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Kudos to any 2007-08 fantasy hockey owners who anticipated center Mike Ribeiro coming through with a 56-assist and 83-point season in Dallas, 11 assists and 18 points better than his previous career highs three years earlier in Montreal.
Bonus points if you grabbed Tampa Bay (and briefly Philadelphia) forward Vaclav Prospal before anyone else put in a claim for him and nabbed his 33 goals and 71 points, which were improvements of 19 goals and 17 points from the previous season.
And who saw Brad Boyes' 43-goal season coming? The Blues right winger bettered his previous season's output by 26 goals and smashed his career high from 2005-06 by 17 goals.
Even if you drafted Chris Osgood to be your backup or third-stringer, the safe move turned serendipitous as the Red Wings goalie had a career-best goals-against average (2.09), his second-best season for save percentage (.914) and his most victories in three seasons (27).
All four players proved some former employers wrong and got their careers back on track through a combination of working hard, seizing opportunities, finding some luck and gaining confidence.
Ribeiro, 28, and Boyes, 26, matured in their prime years and took advantage of bigger roles presented to them by their respective teams. Prospal, 33, and Osgood, 35, showed they still had a lot left in their tanks.
So which reclamation projects will be worth the risk this season and which ones will continue to see their careers slide downward? Numerous players are at this career crossroads, but here's a look at 12 who will make a move in one of those directions:
|Naslund will try to recapture his offensive prowess in New York.|
He definitely won't return to that sort of output, but the change of scenery and reduced pressures of leaving the captaincy behind in Vancouver should mean an improvement from last season's 25 goals and 55 points in 82 games if he can find linemates to open up room for him to get off his dangerous wrist shot. A huge reduction in travel will also have a positive impact on Naslund's 35-year-old body.
Draft him in the mid-to-late rounds.
Wade Redden, New York Rangers: Redden probably won't approach the 50 points he scored in his career year of 2005-06, but he's had a positive plus/minus in all but one of his 11 seasons.
Although he won't have as talented a cast of forwards to feed as he had in Ottawa, Redden figures to be in the same role as a top-two defenseman who plays on the power play and short-handed.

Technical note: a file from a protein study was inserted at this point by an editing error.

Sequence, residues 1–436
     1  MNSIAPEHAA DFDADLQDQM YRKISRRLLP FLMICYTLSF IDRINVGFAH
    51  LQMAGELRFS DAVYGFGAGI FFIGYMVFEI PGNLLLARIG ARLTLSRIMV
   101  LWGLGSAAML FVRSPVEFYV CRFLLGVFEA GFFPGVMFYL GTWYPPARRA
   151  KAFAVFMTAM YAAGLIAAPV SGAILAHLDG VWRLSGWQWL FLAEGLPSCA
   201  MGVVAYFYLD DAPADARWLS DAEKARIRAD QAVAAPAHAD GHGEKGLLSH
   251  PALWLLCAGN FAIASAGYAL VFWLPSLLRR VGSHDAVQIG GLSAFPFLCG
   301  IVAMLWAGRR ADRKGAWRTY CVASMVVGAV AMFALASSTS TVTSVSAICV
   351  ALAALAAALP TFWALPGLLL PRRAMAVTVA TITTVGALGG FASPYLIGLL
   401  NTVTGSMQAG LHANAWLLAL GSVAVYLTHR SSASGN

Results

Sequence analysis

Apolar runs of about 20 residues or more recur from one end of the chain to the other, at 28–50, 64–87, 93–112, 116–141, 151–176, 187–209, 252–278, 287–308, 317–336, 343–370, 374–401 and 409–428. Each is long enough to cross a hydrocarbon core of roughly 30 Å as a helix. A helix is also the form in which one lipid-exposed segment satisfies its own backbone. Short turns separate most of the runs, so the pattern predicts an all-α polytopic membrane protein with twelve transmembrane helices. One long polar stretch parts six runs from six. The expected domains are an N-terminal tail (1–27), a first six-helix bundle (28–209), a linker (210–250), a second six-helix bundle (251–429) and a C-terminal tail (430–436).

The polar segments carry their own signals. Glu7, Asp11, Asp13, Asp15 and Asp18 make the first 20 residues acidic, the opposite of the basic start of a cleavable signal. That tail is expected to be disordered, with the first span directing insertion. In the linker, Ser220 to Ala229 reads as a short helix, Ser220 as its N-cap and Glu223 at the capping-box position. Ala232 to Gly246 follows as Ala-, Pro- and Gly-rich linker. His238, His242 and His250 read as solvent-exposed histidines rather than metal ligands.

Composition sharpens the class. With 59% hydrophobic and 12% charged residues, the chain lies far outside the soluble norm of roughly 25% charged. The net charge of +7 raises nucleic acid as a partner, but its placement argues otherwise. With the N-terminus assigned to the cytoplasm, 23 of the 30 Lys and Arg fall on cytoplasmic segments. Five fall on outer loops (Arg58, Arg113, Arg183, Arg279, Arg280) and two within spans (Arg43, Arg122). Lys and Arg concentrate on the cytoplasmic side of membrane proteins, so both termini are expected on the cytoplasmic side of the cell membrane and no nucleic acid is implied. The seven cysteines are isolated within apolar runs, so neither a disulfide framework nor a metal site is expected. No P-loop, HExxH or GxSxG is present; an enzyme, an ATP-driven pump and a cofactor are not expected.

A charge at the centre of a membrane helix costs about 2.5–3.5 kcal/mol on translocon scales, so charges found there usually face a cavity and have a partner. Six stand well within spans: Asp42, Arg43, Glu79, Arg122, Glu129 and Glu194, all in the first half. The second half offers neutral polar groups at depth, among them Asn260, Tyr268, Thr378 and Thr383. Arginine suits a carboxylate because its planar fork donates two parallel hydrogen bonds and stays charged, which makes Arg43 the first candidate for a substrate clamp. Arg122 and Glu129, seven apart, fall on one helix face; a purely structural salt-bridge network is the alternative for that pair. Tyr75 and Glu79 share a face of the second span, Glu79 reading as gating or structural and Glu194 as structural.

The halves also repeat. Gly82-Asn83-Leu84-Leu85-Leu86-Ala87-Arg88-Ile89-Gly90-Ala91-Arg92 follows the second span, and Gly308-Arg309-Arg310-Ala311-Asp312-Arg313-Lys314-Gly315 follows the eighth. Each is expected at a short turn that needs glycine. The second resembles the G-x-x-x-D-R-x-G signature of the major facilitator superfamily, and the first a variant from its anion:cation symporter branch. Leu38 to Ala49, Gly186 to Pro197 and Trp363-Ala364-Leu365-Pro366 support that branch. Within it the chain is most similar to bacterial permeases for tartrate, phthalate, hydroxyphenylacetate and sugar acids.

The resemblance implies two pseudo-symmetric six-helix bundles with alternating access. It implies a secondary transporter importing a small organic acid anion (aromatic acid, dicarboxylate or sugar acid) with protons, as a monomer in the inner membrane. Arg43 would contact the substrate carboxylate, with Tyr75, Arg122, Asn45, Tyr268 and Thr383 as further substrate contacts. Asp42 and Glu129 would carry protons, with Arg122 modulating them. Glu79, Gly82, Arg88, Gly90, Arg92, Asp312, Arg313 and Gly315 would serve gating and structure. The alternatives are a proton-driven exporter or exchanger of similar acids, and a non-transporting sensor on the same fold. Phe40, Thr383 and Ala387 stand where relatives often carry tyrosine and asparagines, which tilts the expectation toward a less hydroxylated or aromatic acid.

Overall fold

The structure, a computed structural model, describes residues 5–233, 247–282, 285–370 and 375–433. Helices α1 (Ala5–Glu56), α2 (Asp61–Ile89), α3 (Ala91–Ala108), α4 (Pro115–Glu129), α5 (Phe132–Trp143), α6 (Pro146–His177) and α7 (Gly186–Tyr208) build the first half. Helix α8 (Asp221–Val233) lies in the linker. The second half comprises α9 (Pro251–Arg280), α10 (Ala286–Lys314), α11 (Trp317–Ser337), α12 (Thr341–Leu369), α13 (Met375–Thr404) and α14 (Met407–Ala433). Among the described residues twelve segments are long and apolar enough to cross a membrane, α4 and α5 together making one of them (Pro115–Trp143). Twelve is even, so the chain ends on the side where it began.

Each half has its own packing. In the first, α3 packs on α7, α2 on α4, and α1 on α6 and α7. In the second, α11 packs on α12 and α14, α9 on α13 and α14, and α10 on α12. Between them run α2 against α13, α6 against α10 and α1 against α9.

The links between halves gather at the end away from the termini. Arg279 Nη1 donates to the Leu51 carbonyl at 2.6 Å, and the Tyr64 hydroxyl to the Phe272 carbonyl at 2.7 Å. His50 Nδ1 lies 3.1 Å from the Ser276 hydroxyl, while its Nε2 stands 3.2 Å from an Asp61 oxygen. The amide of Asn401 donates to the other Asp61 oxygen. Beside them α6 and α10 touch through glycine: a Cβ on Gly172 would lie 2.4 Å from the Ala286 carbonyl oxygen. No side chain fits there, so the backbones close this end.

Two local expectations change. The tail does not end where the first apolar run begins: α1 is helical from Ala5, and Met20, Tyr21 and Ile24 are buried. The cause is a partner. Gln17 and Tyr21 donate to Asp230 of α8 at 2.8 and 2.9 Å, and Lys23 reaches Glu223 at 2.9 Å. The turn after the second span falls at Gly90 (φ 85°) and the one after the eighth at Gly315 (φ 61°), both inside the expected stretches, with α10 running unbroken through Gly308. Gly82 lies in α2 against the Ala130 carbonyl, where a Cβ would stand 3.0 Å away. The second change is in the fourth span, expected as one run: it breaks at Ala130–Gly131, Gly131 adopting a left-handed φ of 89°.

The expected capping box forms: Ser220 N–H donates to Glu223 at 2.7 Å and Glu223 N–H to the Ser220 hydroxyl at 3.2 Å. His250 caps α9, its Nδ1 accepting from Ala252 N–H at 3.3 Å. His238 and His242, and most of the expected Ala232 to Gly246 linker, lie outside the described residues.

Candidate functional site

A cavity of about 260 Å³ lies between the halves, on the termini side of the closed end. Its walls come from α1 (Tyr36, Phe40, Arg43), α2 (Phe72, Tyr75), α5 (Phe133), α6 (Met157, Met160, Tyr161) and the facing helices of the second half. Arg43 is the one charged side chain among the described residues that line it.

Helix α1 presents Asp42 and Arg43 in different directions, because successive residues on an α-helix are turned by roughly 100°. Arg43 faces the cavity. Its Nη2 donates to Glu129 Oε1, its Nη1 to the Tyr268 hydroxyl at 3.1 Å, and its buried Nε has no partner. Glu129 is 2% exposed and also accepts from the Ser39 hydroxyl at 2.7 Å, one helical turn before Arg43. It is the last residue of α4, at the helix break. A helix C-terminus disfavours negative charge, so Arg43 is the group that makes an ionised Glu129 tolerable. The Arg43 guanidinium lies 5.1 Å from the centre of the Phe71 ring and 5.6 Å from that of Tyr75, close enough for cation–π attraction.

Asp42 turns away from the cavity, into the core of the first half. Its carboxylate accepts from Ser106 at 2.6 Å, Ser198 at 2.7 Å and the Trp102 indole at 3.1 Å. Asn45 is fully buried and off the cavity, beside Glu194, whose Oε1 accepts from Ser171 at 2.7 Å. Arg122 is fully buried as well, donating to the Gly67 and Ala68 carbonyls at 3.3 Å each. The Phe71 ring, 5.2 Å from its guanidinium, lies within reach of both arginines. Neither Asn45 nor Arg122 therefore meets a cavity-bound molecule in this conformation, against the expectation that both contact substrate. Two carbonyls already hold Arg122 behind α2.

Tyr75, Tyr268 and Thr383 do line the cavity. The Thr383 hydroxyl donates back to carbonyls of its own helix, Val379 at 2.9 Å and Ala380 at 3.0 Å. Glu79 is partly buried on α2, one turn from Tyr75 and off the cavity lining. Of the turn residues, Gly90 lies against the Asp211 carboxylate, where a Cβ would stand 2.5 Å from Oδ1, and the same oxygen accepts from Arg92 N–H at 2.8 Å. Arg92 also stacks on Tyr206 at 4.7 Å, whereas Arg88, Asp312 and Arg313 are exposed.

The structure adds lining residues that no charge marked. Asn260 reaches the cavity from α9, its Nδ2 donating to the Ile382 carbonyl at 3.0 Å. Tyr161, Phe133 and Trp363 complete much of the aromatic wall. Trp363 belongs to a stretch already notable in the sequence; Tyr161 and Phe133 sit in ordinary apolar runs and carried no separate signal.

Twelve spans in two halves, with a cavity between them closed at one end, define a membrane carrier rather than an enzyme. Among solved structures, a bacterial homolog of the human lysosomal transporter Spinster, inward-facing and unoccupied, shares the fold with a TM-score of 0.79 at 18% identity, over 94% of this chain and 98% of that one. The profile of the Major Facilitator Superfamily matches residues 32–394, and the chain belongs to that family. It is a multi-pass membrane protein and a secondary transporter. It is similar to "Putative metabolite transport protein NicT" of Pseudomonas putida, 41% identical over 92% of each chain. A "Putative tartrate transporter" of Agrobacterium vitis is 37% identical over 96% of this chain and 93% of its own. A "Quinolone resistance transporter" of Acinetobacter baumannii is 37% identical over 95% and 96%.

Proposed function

Any problems fantasy owners had with the 31-year-old were from overestimating his value. Don't draft him high, expecting him to rank in the top 10 in defense scoring. Top 20 is more likely.
Michael Ryder, Boston Bruins: Ryder averaged 28.33 goals and 58.67 points in his first three seasons before he dipped to 14 goals and 31 points last season.
Prolonged slumps, lost confidence and benchings led to his ice time dropping by more than three minutes per game last season in Montreal.
The Bruins are gambling that coach Claude Julien, who coached Ryder in juniors, the AHL and the Canadiens, will help the 28-year-old rediscover his scoring punch. Renewed opportunity and meshing with one of the Bruins' talented centers, Marc Savard or Patrice Bergeron, should bring Ryder's production back to his old levels.
Tuomo Ruutu, Carolina Hurricanes: The former first-round pick by Chicago was dealt to the Hurricanes at the trade deadline. He won't have the pressure of being a centerpiece to build around, but he still has a lot to prove.
He overcame some injury trouble early in his career and now needs to shake the underachiever label by showing some consistent scoring ability to go with his physical style. His best season was his rookie campaign of 2003-04, when he scored 23 goals and 44 points.
He's playing on a one-year contract and will have to work hard to earn time on the top two lines. The 25-year-old had 11 points in 17 games with the Hurricanes after coming over before the trade deadline.
|Wellwood will try to shed a bad rep and injuries for the Canucks.|
Injury problems and a reputation for poor work habits aren't a good combination, so this is a make-it-or-break-it season for the 25-year-old in the last year of his contract.
He's showed good hands in the past (42 points in 48 games in 2006-07). That's a trait the low-scoring Canucks have sorely needed, so Wellwood will be given ample opportunity to rediscover his scoring.